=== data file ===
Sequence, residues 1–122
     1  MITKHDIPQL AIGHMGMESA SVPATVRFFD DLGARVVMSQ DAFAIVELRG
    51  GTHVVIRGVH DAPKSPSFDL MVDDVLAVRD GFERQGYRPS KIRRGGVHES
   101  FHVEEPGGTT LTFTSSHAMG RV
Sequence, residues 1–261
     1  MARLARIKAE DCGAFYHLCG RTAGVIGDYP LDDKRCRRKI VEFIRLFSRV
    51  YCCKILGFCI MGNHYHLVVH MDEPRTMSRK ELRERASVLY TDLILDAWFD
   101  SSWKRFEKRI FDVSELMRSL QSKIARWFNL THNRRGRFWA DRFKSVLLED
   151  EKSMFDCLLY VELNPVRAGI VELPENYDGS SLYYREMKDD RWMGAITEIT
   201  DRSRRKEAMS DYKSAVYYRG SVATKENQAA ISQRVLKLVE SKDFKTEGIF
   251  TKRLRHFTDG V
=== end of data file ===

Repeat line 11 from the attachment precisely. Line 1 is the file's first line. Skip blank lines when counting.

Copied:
   251  TKRLRHFTDG V